Keyboard key stabilizers, or stabs as they’re known in enthusiast circles, do exactly what you’d expect — they stabilize longer keys like the Shifts and the space bar so that they don’t have to be struck dead-center to actuate evenly. Stabs work by flanking the key switch with two non-functional switch actuators linked with a thick wire bar. Some people love stabs and insist on stabilizing every key that’s bigger than 1u, while other people think stabs are more trouble than they’re worth for various reasons, like rattling.
[Riskable 3D Printing] has been working on a parametric, printable stabilizer system for Cherry MX caps that uses small disk magnets to keep the wire in place. As you can see in the video (embedded after the break), the result is a crisp clacker that doesn’t rattle. The magnets stabilize the wire, so it snaps back quite nicely.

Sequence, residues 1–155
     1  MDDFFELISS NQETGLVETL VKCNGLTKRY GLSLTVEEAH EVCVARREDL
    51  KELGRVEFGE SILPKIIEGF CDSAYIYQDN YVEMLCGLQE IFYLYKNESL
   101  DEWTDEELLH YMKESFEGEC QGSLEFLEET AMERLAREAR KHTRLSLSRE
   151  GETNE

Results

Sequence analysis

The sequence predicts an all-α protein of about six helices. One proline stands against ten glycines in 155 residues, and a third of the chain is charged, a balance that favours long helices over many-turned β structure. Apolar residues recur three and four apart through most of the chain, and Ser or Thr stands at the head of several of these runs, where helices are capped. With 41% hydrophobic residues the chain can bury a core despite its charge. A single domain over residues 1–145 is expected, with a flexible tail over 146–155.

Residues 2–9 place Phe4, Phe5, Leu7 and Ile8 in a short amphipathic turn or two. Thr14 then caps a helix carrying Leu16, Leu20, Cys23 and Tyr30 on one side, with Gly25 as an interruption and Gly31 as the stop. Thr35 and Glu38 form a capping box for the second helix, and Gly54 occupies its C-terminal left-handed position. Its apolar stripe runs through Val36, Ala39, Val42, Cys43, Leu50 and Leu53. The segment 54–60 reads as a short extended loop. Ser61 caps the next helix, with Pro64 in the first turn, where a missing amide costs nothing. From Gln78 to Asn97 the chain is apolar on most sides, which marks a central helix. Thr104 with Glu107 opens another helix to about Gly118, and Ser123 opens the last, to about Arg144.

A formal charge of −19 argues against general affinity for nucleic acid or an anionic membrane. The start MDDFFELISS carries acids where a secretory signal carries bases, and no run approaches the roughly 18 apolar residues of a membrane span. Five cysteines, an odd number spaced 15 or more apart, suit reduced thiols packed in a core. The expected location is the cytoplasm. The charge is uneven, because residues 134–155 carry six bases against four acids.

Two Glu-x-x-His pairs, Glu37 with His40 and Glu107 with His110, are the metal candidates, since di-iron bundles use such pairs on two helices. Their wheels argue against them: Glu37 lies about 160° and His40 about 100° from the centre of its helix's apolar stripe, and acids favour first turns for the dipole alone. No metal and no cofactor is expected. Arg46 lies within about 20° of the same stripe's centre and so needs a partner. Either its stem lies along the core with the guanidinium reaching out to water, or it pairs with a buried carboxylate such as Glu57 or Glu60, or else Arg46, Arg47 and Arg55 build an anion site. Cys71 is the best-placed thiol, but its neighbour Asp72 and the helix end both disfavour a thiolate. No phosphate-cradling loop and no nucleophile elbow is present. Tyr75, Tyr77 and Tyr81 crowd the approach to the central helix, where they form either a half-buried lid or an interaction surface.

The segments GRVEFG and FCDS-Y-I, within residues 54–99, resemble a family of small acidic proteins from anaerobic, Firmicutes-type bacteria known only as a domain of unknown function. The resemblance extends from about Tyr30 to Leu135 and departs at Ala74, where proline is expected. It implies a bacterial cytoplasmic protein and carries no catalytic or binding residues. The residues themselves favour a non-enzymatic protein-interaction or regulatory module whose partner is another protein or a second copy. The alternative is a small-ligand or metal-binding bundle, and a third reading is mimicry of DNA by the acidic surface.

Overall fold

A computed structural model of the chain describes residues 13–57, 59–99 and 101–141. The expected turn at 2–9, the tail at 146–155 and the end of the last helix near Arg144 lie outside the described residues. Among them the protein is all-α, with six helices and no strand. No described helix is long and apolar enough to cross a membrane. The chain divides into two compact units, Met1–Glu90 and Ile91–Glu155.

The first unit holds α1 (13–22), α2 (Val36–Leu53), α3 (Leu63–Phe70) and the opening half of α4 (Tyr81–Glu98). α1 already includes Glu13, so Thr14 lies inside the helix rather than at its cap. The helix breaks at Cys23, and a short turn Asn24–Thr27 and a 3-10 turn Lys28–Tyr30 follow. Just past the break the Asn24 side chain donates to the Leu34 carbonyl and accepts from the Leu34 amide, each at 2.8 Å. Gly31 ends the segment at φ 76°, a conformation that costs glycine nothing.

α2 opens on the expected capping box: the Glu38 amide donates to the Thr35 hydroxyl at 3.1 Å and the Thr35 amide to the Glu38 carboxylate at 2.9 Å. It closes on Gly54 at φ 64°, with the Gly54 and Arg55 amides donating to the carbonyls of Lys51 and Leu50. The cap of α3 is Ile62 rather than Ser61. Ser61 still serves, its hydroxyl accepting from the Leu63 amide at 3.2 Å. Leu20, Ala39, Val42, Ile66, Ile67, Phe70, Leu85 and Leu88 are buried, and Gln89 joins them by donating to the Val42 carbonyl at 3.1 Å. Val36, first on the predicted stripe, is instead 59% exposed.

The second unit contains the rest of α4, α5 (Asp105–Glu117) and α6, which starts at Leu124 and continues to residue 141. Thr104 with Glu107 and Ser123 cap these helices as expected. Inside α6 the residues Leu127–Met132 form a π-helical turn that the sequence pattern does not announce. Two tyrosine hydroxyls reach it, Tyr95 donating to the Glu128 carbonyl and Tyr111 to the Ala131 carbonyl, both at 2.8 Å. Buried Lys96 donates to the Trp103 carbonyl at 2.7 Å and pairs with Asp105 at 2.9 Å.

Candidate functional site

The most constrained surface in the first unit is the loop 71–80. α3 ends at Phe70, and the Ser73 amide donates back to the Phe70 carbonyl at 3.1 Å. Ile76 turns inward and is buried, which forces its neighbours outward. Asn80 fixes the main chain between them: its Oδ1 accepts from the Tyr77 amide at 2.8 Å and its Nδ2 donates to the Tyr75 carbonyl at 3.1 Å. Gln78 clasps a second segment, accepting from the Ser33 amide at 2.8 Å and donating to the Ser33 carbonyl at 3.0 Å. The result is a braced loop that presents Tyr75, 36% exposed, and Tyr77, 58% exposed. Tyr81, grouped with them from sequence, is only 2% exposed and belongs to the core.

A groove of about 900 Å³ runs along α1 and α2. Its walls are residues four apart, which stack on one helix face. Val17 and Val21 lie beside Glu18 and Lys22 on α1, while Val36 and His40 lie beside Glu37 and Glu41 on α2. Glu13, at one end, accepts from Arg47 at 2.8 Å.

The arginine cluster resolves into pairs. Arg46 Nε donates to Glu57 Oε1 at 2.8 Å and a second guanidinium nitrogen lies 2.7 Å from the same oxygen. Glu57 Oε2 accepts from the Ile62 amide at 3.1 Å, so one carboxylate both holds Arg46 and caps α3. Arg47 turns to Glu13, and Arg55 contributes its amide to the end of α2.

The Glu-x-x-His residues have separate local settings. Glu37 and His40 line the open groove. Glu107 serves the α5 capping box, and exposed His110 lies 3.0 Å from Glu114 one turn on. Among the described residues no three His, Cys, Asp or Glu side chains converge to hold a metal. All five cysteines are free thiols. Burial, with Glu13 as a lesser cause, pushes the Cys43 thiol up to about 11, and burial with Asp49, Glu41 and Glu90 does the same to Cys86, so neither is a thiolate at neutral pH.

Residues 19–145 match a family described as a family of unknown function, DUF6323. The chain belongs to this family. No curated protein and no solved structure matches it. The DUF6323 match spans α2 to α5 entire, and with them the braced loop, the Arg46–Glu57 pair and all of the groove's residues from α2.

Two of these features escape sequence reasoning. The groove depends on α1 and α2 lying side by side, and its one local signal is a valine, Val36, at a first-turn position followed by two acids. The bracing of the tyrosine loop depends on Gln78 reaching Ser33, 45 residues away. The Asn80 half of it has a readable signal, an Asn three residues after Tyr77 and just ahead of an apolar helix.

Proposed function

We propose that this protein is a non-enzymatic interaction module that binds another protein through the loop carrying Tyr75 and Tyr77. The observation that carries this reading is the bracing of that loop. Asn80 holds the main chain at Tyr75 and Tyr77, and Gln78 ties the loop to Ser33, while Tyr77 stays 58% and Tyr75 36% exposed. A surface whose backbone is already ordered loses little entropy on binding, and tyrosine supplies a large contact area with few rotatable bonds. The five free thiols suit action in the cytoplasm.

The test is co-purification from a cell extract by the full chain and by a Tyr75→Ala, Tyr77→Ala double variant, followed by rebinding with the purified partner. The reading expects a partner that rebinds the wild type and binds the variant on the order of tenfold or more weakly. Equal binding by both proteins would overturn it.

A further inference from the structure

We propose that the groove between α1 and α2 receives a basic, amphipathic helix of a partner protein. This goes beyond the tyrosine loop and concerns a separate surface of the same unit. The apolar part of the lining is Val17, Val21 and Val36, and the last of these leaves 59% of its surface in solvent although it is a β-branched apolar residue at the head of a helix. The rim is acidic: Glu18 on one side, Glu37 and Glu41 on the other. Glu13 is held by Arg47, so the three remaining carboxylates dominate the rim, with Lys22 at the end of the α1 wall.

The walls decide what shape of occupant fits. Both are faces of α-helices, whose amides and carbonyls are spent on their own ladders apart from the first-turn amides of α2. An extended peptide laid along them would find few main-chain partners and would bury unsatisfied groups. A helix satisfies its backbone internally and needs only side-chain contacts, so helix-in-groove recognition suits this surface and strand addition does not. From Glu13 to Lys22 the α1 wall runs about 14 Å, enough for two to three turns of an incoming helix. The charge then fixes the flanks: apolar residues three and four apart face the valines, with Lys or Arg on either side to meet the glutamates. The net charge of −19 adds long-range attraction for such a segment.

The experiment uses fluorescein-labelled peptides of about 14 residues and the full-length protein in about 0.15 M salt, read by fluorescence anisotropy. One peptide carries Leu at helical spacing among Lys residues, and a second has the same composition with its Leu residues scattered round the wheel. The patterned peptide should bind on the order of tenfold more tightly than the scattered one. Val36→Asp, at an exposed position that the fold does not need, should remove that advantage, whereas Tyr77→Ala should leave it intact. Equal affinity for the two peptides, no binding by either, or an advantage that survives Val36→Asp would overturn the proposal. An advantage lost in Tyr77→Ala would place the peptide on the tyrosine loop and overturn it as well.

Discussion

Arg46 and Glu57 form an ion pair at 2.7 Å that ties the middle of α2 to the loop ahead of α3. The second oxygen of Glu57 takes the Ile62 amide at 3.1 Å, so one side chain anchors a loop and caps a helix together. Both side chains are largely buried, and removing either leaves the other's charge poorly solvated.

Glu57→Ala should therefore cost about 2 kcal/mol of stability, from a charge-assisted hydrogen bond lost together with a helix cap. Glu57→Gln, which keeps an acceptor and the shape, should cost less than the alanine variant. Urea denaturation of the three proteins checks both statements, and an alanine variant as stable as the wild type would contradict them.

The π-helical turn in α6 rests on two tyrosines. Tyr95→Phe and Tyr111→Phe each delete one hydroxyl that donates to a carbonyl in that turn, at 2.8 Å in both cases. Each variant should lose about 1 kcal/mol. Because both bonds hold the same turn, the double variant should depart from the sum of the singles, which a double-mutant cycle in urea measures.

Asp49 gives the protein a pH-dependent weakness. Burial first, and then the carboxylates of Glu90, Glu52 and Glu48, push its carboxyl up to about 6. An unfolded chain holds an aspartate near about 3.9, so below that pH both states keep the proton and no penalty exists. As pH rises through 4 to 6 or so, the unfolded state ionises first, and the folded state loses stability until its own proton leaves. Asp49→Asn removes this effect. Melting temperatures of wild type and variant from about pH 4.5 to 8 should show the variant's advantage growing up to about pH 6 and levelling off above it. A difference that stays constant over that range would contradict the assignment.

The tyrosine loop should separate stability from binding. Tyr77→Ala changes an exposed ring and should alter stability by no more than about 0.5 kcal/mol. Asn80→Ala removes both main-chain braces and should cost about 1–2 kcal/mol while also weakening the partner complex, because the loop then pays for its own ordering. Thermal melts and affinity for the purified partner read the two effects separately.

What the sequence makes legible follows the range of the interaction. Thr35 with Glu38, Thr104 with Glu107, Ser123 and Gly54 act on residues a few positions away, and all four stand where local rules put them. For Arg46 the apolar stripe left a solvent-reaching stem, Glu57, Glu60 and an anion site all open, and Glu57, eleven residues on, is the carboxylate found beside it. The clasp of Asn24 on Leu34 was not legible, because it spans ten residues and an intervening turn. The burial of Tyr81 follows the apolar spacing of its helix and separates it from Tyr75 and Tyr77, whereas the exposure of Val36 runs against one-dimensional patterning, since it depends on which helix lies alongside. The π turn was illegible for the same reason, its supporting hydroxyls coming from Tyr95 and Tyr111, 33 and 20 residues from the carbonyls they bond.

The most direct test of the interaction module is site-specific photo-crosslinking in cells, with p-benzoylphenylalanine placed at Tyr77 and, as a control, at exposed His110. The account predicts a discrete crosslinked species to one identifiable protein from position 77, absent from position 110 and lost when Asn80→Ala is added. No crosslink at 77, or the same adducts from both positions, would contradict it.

Although the print is an easy one, [Riskable] says the design process wasn’t as cut and dried as it seems. The center points of the stabilizer stems aren’t supposed to be in the center of cutouts, even though it looks that way to the naked eye. After that, the pain point has shifted to the wire, and getting it as straight as possible before making the necessary bends. [Riskable] is going to make a straightener to help out, and we suggest something like this one.
Clacker hacking is quite the rabbit hole, especially when combined with 3D printing. We recently saw a completely 3D-printed macro pad, springs and all.
Thanks for the tip, [BaldPower]!